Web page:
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Janet Crawford: Innovation’s Neural Paradox

Janet Crawford Cascadance
September 30, 2014
Great innovations often seem stunningly simple and obvious…after the fact. Innovation happens, according to Matt Ridley, “when ideas have sex.” But why don’t more interesting ideas find ways to attract each other and mate? Why does innovation play hard to get?

Humans hold a unique spot in the Animal Kingdom due to our capacity to innovate. Our powerful frontal lobes allow us to imagine a future that doesn’t exist now and — through the power of language — coordinate action with other humans to translate thought into reality. Because this comes so naturally to humans, it’s easy to take it for granted and assume that conscious direction of our reality is what runs the show.

Neuroscientists agree, though, that the lion’s share of what you think and do is manufactured by a brain running on autopilot, guided by a combination of instinct and unconsciously acquired learning. Very little is the result of original thought. The frontal lobes, powerful though they may be, are extremely limited.

Amy Arnsten, who heads research on the prefrontal cortex at Yale University’s Arnsten Lab, calls this area “the Goldilocks of the brain” because it wants everything “just right.” Just right turns out to be a perfect mix between safety and stimulation.  Too little safety and the brain defaults to instinct and patterns. Too little stimulation and there’s simply not enough to hold its attention.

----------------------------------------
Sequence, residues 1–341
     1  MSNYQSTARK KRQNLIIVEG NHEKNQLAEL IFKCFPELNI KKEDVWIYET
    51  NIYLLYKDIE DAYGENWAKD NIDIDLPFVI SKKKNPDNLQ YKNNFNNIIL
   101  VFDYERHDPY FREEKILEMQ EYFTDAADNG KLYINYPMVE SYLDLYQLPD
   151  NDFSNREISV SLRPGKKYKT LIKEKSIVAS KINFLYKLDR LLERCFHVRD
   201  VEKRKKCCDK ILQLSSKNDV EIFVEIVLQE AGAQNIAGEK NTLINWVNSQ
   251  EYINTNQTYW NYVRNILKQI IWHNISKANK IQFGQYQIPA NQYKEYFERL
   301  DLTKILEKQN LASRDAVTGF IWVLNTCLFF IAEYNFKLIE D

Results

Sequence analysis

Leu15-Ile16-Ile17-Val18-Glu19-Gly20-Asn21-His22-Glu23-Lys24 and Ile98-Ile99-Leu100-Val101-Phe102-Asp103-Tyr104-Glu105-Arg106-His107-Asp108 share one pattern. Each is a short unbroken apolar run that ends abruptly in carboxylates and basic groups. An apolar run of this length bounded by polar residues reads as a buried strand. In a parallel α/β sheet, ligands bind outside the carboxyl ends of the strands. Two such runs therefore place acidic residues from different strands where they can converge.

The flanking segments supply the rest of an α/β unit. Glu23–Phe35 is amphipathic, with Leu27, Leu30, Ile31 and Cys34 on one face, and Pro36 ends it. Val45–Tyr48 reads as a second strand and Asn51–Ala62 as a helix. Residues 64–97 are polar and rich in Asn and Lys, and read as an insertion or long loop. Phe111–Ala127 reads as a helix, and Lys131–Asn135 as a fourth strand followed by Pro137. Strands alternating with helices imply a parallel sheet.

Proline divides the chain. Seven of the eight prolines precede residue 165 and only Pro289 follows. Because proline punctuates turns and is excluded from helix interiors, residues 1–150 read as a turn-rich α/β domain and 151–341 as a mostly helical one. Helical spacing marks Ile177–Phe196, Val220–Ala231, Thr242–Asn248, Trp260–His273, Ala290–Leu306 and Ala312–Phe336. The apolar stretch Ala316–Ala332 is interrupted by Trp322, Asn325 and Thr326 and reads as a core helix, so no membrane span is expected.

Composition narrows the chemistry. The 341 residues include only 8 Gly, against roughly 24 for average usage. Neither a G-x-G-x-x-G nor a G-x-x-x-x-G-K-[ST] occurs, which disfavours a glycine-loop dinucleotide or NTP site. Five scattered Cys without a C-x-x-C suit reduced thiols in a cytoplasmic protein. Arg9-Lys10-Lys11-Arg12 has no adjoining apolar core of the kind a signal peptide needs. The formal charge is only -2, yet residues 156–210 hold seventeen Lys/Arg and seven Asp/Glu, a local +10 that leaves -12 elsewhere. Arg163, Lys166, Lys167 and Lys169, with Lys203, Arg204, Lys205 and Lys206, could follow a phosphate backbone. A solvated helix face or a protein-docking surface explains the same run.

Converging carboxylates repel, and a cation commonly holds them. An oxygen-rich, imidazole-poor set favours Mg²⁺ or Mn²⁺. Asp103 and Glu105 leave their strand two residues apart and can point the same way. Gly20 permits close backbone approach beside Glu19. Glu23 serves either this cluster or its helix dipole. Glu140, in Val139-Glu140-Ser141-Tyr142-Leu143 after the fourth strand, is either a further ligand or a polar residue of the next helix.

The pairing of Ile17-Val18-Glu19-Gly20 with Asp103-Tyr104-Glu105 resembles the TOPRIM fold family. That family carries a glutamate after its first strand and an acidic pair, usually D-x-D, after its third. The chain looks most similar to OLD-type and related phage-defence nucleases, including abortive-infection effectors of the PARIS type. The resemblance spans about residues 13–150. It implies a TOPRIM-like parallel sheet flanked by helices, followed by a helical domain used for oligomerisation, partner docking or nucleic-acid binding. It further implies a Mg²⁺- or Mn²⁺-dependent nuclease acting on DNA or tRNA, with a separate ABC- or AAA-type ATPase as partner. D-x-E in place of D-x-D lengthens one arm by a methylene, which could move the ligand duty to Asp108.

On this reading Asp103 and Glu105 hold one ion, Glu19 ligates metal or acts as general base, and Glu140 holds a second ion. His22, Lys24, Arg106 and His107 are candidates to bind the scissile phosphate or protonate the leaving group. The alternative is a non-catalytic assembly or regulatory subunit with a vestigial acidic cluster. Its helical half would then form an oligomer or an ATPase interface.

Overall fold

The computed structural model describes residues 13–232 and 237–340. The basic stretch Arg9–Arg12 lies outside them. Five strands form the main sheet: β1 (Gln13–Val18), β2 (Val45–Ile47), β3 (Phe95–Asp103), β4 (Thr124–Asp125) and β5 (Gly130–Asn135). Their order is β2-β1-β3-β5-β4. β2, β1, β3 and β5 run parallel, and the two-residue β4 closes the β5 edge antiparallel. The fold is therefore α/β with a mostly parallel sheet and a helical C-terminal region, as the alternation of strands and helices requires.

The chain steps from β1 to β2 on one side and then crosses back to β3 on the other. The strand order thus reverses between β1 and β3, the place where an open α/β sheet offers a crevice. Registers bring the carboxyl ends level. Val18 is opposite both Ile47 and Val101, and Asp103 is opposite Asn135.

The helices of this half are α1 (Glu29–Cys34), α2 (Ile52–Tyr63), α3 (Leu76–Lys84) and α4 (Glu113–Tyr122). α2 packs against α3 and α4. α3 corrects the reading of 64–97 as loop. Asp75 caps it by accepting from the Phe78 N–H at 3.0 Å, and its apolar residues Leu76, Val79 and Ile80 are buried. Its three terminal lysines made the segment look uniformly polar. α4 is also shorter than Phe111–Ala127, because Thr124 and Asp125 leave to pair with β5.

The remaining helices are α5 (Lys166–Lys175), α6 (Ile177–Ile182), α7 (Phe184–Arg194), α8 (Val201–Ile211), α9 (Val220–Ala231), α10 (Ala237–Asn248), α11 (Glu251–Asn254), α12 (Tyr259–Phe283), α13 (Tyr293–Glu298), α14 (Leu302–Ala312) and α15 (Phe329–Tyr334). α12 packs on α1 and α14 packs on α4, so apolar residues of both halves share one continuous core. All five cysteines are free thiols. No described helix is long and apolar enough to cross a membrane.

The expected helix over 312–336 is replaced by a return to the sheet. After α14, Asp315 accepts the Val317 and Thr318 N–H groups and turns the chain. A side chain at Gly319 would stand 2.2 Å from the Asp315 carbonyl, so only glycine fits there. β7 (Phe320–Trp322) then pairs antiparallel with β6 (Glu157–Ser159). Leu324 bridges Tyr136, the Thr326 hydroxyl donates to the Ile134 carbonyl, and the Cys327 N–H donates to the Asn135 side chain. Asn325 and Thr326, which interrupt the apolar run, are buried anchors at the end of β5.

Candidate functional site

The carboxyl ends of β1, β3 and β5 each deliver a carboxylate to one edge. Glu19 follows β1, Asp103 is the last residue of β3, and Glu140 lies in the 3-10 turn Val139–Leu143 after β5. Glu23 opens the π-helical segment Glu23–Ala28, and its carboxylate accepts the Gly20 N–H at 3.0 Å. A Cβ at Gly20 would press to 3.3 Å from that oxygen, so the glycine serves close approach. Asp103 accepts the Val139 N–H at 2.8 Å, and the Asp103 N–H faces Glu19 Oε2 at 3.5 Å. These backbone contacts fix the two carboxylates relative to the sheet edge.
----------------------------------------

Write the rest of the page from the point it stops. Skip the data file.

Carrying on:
We come preloaded with a host of neural programming that runs counter to the ability to produce novel ideas. We are biologically designed to see the world through unconsciously acquired patterns and to resist change, to congregate and work most seamlessly with those who are like us, and to bypass creative thinking when we’re stressed, tired or overworked.

The brain has very limited faculty to take in and process new information. Our environment continuously serves up more than we can possibly attend to consciously. In the first few years of life, the brain’s main job is to sort through the overwhelming amount of sensory data bombarding us and to find recurring patterns. These patterns, encoded as neural networks, give us maps for navigating the specific environment and culture into which we’ve entered. We can then respond automatically when we detect the same conditions without wasting our precious conscious attention resources.

The downside for innovation is that patterns constrain what we see and think. We’ve all experienced this: you learn a new word which you swear you’ve never heard used before, only to then encounter it with frequency. You buy a new car, and suddenly that exact make, model and color seems to appear everywhere.

My partner works in the music industry with heavy metal bands. When we first met, I knew very little about the genre and assumed it had mostly gone the way of the ‘80s. To my surprise, heavy metal hoodies, caps and license plate holders appeared as if by magic in my upscale neighborhood. Did the start of my relationship coincide with a sudden interest in metal among people at my gym and local supermarket? Of course not! The band merchandise had been there all along, but I didn’t have the patterns to recognize it.